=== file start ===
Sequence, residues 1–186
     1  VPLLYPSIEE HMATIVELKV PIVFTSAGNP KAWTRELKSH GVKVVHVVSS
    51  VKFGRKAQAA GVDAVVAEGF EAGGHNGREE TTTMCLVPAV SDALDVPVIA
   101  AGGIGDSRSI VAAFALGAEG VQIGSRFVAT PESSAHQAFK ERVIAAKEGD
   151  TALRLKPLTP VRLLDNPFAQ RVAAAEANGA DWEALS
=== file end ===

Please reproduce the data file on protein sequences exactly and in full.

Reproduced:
Sequence, residues 1–186
     1  VPLLYPSIEE HMATIVELKV PIVFTSAGNP KAWTRELKSH GVKVVHVVSS
    51  VKFGRKAQAA GVDAVVAEGF EAGGHNGREE TTTMCLVPAV SDALDVPVIA
   101  AGGIGDSRSI VAAFALGAEG VQIGSRFVAT PESSAHQAFK ERVIAAKEGD
   151  TALRLKPLTP VRLLDNPFAQ RVAAAEANGA DWEALS